The Cocker Spaniel dog breed as pictured in early 16th Century.
History of the American Cocker Spaniel Dog Breed
Modern Cocker Spaniels are descendants of the Spaniel family, a breed group dating back to antiquity. The word spaniel means “Spanish dog.” It’s widely held that the spaniel breed did in fact originate in Spain. By the 1800’s, the spaniel breed was divided into two groups: toys (primarily companions) and hunting dogs. Hunting dogs were then divided into land and water spaniels. The Cocker was named for its excellence at hunting woodcock. Soon American breeders were importing English Cocker Spaniels to the United States. A liver-and-white Spaniel named Captain was registered in the first studbook of the National American Kennel Club (later the AKC). As the dogs grew in popularity, some breeders began to favor a smaller type of Spaniel. This smaller spaniel had a slightly different conformation than the English one. In 1946, the American Kennel Club recognized the American Cocker Spaniel and the English Cocker Spaniel as two distinct breeds. The smallest member of the AKC’s Sporting Group, the American Cocker Spaniel ranks among the top 15 registered breeds.
Physical Description of the American Cocker Spaniel Dog Breed
American Cocker Spaniels are medium-sized, sturdy dogs. Males stand 15 inches tall, females 14 inches. Both male and female weigh between 24 and 28 pounds. Their heads are rounded with a pronounced stop; their muzzles are broad and deep with square, even jaws. Spaniel eyes are dark and round with slightly almond-shaped rims. Their long, low-set ears, called “drop ears” for their ability to drop foward to better catch scent while hunting, are well feathered. Their chests, bellies and legs are also well feathered. The spaniel’s silky coats are a combination of flat and wavy, with lots of curls desirable on the ears, tail, and legs.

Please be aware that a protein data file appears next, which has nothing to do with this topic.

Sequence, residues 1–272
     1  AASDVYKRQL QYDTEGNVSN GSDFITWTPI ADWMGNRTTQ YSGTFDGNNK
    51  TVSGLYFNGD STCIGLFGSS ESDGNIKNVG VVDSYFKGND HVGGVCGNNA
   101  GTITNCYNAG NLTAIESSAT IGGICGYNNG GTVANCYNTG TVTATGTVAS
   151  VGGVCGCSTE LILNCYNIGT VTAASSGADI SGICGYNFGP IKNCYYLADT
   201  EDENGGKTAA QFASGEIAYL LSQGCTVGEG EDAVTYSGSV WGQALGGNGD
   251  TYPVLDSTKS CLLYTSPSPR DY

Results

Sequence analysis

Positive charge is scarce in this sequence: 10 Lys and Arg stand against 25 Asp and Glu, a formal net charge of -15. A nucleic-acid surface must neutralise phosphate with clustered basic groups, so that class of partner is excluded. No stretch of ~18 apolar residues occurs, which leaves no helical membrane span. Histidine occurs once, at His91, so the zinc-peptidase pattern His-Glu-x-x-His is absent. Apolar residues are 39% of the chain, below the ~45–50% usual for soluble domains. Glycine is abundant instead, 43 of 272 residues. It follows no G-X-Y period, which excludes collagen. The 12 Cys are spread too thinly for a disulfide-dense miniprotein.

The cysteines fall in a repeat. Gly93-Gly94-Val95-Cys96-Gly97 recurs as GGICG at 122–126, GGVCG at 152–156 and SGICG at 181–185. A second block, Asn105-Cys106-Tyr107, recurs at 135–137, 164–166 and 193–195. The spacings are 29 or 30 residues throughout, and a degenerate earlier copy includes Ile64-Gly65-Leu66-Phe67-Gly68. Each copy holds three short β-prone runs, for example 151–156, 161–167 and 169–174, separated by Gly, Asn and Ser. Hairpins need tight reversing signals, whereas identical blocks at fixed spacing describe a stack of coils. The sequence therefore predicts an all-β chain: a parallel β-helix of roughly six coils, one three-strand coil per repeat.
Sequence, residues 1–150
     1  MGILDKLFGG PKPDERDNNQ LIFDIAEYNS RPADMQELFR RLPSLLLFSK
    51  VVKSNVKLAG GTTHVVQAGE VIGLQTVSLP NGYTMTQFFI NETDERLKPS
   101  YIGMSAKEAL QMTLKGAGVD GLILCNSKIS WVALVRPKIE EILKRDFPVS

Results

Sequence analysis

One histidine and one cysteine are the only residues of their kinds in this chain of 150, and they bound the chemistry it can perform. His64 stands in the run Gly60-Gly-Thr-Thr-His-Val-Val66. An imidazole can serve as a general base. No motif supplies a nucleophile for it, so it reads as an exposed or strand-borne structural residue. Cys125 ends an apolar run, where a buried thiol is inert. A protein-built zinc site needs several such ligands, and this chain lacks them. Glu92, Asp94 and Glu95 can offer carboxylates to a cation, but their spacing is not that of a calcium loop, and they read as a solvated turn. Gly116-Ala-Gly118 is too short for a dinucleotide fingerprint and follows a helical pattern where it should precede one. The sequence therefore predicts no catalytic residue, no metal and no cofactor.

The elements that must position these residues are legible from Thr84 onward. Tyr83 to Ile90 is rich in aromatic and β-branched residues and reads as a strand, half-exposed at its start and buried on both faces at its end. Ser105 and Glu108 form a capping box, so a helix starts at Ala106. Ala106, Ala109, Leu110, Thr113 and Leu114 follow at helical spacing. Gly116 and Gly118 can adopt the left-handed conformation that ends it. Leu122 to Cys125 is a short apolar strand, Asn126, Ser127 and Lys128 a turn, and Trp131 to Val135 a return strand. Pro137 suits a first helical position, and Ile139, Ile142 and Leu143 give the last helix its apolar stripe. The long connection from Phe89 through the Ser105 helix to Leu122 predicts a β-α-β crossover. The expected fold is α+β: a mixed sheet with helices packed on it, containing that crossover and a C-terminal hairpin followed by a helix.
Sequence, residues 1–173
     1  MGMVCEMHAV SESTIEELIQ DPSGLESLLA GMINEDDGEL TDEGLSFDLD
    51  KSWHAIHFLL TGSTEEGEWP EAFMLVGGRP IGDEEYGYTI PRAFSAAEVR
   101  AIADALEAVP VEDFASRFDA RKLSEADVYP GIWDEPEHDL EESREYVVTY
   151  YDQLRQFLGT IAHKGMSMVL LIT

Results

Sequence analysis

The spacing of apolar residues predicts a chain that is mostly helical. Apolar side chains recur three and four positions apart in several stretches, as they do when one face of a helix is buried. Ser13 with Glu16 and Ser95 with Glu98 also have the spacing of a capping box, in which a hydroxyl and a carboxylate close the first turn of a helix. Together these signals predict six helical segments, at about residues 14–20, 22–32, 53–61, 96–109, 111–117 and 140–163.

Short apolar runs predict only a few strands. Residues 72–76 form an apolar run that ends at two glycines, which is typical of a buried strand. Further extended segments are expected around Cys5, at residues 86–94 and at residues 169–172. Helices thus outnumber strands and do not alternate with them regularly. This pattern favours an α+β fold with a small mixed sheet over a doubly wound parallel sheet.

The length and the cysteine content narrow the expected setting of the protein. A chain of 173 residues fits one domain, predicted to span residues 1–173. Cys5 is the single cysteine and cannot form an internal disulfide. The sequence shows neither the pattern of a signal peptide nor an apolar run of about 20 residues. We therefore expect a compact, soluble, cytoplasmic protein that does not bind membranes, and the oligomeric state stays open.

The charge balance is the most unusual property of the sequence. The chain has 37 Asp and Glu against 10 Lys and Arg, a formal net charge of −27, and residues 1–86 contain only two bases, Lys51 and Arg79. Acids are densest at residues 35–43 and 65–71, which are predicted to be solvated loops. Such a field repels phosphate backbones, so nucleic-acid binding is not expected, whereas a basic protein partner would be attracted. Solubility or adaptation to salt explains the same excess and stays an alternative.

American Cocker Spaniel coats come in many colors. As solids, they are often be fawn, blonde, or black. As parti-color combinations, they can be black with tan points, salt and pepper or black and white merle, or any solid color with tan points. Historically, the most prevalent color was white with red or liver markings.
Grooming can be a challenge unless the dogs are well handled as pups. Most owners have professionals undertake grooming. The ideal is a bath and trim of coats and nail cut every 6 to 8 weeks. Daily brushing at home is a must to keep coats free of mats and tangles. Because they’re prone to ear infections, ears must be wiped out weekly. Although they can suffer from eye problems, they’re a generally healthy breed with a life expectancy of 12 to 15 years.
Is the American Cocker Spaniel Dog Breed Right for You?
Well-bred American Cocker Spaniels have sweet, merry temperaments. They are a pleasure to own! They’re sensitive dogs with “soft” personalities. They require early socialization and training with kind and careful handling. Among the many adjectives used to describe this friendly breed are: gentle and affectionate; cuddly and loving; alert and playful; loyal and trustworthy. They live to please their families! Cocker Spaniels are ideal companions for both children and seniors, and make excellent therapy dogs. Their small size allows them to fit comfortably in an apartment or small house, provided they’re properly exercised. Exercise can be brisk daily walks, long romps in a yard or assorted indoor activities. Still basically hunters at heart, they’re good candidates for agility and obedience competitions, flyball, hunt tests and tracking.
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